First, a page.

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Primary care providers often fail to cover the most significant injury prevention issues during well-child visits

Injuries are the primary cause of death among those 19 years of age and younger. Given the limited time doctors have to counsel parents and children about injury prevention, they tend to select only certain topics. Although two-thirds of primary care providers counsel parents of children age 5 and younger on how to prevent car-crash related injuries (66 percent) and ingestion of poisons (62 percent), few counsel them on drowning prevention (32 percent) and firearm injuries (16 percent). Unfortunately, attitudes about certain injuries rather than knowledge about the prevalence of particular childhood injuries affect the prevention counseling topics that doctors and pediatric nurse practitioners address.

Use of the Injury Prevention Program developed by the American Academy of Pediatrics could help to ensure that the most significant injury prevention issues are discussed consistently during well-child examinations, concludes a study supported in part by the Agency for Healthcare Research and Quality (National Research Service Award training grant T32 HS00046). Shari Barkin, M.D., M.S.H.S., currently of Wake Forest University, and her colleagues at the University of California, Los Angeles, surveyed a random sample of 465 pediatricians, family physicians, and pediatric nurse practitioners in Los Angeles County. They asked clinicians about the injury prevention counseling they provided during well-child examinations on motor vehicle crashes, toxic ingestion, drowning, and firearm injuries.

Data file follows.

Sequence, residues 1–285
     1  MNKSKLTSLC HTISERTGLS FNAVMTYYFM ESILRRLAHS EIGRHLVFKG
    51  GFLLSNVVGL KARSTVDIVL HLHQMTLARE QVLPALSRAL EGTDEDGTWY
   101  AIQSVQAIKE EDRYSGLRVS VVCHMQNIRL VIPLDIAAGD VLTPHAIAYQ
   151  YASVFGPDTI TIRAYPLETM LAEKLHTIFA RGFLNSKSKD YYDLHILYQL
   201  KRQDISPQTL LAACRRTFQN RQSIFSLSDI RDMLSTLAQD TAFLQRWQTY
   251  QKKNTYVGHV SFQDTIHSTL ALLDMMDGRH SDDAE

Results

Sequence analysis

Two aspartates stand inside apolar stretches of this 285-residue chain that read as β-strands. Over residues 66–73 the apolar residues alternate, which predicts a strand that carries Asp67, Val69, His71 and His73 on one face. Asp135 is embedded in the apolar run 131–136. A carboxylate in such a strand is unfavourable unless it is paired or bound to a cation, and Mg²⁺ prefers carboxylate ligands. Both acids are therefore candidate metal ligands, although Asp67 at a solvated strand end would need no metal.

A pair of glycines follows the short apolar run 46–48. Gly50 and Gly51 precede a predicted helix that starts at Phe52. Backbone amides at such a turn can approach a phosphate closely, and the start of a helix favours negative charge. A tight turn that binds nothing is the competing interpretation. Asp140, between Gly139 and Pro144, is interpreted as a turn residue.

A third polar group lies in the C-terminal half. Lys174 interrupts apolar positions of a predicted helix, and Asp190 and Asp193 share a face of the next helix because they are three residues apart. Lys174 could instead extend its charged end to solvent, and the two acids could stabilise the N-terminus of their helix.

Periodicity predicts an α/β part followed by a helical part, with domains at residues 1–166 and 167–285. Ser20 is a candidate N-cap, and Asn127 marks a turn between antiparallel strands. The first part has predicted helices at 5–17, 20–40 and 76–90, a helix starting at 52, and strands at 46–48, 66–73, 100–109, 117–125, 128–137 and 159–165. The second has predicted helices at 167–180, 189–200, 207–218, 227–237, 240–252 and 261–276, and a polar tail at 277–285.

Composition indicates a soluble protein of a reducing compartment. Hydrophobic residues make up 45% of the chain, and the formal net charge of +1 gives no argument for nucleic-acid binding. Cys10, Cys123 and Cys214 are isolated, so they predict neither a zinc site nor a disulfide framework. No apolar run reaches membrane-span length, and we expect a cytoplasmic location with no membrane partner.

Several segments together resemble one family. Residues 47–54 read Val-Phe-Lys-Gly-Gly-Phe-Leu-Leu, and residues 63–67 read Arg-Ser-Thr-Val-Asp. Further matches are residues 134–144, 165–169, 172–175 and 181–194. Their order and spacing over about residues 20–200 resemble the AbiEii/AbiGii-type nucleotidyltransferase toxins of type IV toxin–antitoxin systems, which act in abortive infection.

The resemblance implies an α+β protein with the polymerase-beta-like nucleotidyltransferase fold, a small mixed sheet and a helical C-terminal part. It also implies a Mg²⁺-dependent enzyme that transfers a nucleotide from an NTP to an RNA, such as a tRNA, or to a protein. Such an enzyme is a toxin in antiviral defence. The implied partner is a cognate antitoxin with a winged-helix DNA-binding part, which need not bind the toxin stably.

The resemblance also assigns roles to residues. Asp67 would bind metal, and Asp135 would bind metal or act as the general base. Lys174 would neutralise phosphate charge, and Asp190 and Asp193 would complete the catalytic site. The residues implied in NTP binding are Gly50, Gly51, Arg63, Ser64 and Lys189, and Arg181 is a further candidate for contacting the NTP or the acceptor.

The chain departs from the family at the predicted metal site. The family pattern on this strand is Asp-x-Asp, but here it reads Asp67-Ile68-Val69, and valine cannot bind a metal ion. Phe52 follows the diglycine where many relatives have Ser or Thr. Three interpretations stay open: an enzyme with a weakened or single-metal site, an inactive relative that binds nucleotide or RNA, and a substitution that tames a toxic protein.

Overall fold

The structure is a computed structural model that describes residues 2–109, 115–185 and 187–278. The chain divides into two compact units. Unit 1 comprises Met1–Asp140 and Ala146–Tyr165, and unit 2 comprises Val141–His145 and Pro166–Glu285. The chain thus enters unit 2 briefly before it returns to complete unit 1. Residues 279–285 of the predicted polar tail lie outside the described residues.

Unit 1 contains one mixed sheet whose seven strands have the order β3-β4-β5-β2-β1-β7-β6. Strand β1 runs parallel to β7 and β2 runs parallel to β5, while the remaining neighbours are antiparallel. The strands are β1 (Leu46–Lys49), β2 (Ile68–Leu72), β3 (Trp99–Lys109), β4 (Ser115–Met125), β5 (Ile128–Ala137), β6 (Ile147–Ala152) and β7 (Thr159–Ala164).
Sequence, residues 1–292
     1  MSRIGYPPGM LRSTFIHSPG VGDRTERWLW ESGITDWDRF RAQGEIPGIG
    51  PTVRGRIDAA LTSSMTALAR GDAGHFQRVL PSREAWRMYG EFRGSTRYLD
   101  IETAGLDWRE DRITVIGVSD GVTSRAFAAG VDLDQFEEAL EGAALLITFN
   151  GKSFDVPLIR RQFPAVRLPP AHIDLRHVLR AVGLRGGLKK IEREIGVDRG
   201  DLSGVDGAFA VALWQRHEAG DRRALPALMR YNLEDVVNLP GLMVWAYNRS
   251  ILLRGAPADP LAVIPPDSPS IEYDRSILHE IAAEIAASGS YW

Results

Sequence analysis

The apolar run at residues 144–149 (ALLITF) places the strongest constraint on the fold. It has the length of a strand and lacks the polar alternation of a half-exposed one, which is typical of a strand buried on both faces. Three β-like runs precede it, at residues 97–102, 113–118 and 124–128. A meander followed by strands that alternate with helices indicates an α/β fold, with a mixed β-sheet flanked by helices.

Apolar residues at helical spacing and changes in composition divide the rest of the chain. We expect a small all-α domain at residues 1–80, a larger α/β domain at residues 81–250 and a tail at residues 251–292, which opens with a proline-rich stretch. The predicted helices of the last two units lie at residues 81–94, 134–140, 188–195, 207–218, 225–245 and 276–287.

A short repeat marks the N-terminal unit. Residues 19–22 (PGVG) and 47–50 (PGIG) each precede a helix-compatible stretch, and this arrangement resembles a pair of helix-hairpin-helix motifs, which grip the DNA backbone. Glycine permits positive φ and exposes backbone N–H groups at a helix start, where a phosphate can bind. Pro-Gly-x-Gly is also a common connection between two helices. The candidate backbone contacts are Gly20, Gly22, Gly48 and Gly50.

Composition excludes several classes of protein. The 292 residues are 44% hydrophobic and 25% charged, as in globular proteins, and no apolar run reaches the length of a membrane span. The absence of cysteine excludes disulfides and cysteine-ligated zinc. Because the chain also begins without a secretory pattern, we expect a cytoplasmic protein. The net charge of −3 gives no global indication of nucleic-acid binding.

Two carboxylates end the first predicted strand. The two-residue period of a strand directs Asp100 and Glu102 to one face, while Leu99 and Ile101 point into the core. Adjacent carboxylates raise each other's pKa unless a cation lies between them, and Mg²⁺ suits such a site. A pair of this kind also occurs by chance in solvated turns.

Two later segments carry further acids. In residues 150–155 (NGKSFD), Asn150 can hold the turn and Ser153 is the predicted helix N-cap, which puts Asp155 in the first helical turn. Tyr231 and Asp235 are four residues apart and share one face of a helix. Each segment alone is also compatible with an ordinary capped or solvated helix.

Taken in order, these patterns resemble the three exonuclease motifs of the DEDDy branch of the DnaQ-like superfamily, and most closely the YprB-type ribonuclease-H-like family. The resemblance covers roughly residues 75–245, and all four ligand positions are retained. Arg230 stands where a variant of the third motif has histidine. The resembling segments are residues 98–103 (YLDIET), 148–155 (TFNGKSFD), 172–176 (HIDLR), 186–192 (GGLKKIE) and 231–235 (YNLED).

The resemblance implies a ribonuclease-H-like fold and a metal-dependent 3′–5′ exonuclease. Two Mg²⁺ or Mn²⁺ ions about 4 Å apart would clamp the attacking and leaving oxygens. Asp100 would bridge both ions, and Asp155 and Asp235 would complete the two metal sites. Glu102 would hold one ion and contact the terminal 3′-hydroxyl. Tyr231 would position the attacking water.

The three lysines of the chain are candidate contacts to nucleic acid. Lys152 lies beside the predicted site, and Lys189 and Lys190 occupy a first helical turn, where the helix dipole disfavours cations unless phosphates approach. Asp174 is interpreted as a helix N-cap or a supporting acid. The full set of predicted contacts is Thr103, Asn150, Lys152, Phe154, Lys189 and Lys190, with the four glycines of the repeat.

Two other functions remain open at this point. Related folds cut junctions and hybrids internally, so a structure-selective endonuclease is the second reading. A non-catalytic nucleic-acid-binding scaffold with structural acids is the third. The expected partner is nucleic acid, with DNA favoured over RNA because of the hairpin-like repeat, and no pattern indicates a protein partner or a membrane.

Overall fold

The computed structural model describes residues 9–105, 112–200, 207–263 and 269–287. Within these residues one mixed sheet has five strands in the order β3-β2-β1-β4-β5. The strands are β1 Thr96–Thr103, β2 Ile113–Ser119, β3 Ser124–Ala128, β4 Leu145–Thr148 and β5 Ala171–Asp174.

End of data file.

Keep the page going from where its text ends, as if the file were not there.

When asked to rank order the four injury topics, most providers were clear that they would discuss motor vehicle crash injury prevention first and knew that these crashes were the primary cause of death and disability for young children. However, they generally disagreed about which injury prevention topic was next in importance, and were unclear about the relative prevalence of the other three types of injuries. Attitudes were more predictive of their counseling topics. Believing that it was less important to counsel on drowning and firearm injury prevention (even though childhood drowning injury was a significant problem in Los Angeles County) significantly decreased the likelihood that clinicians would do so.

More details are in "Predicting clinician injury prevention counseling in young children," by Dr. Barkin, Arlene Fink, Ph.D., and Lillian Gelberg, M.D., M.S.P.H., in the December 1999 Archives of Pediatric and Adolescent Medicine 153, pp. 1226-1231.

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